I missed CIMdata Industry Forum this year in Ann Arbor. So, I’m catching up these days on the topic of Augmented Intelligence CIMdata discussed there. I guess, unless you lived under the rock for the last few years, you’ve heard about Generative Design. Here is a new concept is coming – Generative Engineering. To learn more, navigate to CIMdata blog – Beyond Generative Design.
”Generative Engineering” is a classification that includes tools (beyond generative design) which explore the design space and options for product configuration in some human-assisted way. The phrase also describes the process of using these tools all the way from product ideation to production manufacturing; for example, including Architecture Exploration with Functional System Modeling. We will explore knowledge and organizational requirements for businesses to effectively exploit these technologies.
I’ve got a simpler explanation about what is generative engineering could be. Think about a collection of requirements for manufacturing a specific product. These requirements can describe functional, system, economic, market and other requirements. Once you’ve got these requirements, the system is able to build a set of recommendations and instructions on how to build a product.
I captured the following image from CIMdata blog that can give you some ideas about what it could be.
I found CIMdata’s article interesting. However, it made me think about possible application and business models. Without “how” to apply it in the real world, it can very theoretical assumption. I found two possible candidates – product configurators and manufacturing marketplaces.
With an increased product complexity and an increased focus on “market of one”, product configurator is an interest application of technology to plan a combination of features, functions based on the requirements and manage it as a single product model. In different forms product configurators are already available – PLM, ERP, sales configurator, etc. Generative Engineering can be a way to take product configuration to the next level, especially in sophisticated products for large manufacturing OEMs.
An online marketplace is an interesting topic to discover and learn more these days. Outside of manufacturing, there are many examples of marketplaces. Airbnb, Upwork, Thumbtack – this is only a short list of online marketplaces I’m using in my everyday life to get an apartment for vacation, to hire engineers or to find professionals to do something in my house.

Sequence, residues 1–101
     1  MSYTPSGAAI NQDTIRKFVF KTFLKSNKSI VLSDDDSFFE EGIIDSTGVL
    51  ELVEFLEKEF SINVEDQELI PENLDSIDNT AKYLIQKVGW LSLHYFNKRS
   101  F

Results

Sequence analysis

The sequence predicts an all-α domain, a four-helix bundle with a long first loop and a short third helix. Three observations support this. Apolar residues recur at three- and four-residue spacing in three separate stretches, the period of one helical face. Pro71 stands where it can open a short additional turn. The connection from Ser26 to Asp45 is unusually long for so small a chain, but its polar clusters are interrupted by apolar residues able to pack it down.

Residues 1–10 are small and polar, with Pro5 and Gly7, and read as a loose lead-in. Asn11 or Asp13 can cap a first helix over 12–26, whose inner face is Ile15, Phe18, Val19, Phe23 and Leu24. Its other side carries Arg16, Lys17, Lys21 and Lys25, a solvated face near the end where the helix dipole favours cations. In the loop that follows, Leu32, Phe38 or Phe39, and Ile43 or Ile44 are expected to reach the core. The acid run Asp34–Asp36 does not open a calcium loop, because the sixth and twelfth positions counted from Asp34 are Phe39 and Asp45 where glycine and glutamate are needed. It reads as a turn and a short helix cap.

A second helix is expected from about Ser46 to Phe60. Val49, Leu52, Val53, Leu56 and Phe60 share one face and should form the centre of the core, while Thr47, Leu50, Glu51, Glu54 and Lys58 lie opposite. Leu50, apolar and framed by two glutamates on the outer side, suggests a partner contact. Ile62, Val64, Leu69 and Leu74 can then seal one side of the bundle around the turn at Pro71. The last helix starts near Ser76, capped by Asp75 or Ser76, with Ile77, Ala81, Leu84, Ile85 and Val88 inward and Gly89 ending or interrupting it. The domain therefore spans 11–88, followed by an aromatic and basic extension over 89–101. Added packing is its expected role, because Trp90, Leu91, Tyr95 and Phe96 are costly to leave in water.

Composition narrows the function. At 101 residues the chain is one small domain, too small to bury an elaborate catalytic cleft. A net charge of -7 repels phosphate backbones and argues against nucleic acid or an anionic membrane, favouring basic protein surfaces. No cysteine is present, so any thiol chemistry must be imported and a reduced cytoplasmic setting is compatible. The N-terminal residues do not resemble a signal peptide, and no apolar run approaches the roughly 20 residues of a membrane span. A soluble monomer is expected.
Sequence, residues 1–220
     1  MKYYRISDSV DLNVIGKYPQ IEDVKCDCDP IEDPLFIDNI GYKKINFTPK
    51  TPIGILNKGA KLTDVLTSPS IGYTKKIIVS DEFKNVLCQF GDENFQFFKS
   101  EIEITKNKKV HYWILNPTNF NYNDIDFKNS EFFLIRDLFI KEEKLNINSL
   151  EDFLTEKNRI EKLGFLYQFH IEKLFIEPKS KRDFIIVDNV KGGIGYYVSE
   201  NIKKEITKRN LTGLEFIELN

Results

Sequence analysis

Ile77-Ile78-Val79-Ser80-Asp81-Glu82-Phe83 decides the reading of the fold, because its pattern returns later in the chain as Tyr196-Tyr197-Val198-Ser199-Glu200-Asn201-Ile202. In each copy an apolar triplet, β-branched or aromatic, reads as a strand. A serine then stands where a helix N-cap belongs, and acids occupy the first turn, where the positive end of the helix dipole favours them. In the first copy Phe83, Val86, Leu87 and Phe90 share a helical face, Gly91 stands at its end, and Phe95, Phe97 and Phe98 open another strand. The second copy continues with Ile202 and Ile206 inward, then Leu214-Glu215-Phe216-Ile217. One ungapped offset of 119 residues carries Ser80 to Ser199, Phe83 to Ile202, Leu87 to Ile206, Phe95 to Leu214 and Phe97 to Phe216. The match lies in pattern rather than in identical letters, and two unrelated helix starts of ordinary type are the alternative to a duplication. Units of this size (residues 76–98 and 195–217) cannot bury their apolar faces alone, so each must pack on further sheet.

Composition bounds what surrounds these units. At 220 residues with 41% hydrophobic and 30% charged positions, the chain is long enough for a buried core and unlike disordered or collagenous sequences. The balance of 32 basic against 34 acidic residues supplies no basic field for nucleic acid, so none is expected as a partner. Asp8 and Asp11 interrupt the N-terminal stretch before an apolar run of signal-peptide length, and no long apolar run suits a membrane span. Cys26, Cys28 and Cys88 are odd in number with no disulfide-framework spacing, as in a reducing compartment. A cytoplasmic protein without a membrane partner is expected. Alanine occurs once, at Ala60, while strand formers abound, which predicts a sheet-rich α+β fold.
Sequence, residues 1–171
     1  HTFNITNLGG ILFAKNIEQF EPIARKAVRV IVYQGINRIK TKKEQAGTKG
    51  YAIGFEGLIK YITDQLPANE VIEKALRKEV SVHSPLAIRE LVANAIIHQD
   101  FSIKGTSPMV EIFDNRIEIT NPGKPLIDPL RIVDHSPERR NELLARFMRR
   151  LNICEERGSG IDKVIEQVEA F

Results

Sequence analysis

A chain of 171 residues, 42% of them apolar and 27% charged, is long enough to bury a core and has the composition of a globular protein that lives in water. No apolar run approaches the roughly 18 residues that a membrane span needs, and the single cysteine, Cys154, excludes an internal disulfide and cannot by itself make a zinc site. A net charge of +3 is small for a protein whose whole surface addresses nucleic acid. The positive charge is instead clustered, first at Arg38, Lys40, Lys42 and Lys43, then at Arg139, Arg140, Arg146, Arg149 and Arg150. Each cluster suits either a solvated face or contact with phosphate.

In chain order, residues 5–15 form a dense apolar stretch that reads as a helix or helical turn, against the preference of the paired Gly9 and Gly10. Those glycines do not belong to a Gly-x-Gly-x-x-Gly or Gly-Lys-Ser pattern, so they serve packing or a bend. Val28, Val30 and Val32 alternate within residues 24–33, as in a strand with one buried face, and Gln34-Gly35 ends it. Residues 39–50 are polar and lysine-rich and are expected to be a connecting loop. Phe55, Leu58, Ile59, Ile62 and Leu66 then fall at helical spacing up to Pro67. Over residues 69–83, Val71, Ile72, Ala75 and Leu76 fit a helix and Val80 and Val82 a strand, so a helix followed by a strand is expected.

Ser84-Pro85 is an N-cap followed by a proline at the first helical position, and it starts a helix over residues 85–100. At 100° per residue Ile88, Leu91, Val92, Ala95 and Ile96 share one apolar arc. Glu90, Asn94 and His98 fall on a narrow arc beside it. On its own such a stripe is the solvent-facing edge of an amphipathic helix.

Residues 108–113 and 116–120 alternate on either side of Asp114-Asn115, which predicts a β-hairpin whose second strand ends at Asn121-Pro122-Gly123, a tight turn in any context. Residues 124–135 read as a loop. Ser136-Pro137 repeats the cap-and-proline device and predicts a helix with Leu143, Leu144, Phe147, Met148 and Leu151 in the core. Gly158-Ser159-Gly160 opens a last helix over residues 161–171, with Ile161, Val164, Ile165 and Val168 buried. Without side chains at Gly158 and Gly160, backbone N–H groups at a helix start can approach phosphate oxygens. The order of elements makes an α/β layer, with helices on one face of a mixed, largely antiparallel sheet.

In the last several years, I can see the growing development of manufacturing marketplaces. Most of them have started as 3D printing services later expanded to other forms of part manufacturing such as CNC machining, Injection molding, and PCB assembly). 3DHubs, Protolabs, Xometry – these are just a few examples. Another vector of marketplaces development is matching suppliers and managing quotes. MFG would be my best example among others focusing on suppliers. However, I can see also a trajectory of manufacturing services marketplaces to expand in this direction.
Earlier this week, I attended the presentation by Brian Garret of 3DHubs at Digital Factory 2019 event in Boston. My favorite topic from his presentation is about instant pricing mechanism.
Generative Engineering as a Service can be an interesting coming opportunity for market places to go beyond what they do today in part manufacturing, suppliers matching and other manufacturing services. You can ask… what a minute, does it mean I can create a universal manufacturing service that is capable to take a set of requirements and build a product? Well… not so fast :). That would be an ideal future of manufacturing completely automated without people. While it is a good model for ideation, I don’t think it is going to happen anytime soon.
More pragmatic application of generative engineering in marketplaces can be an automated workflow, which can make an analysis of product requirements together with the planning bill of materials and match it with manufacturing contractors, suppliers, standard parts. It can be relying on data about other products, predictability models and other data analysis.
What is my conclusion? Manufacturing marketplaces can go beyond the current set of services for “a single part” and expand to “assemblies” or entire products using a combination of services. The categories of tools are still very vague and very many buzzwords (AI, Big Data, Industry 4.0, etc). At the same time, every manufacturing company is doing a set of very standard operations to matching suppliers, sourcing parts, optimizing manufacturing location, transportation based on a product Bill of Materials. These activities can be optimized and sourced online using advanced data management and data analytics. Just my thoughts…
Disclaimer: I’m co-founder and CEO of OpenBOM developing cloud-based bill of materials and inventory management tool for manufacturing companies, hardware startups, and supply chain. My opinion can be unintentionally biased.
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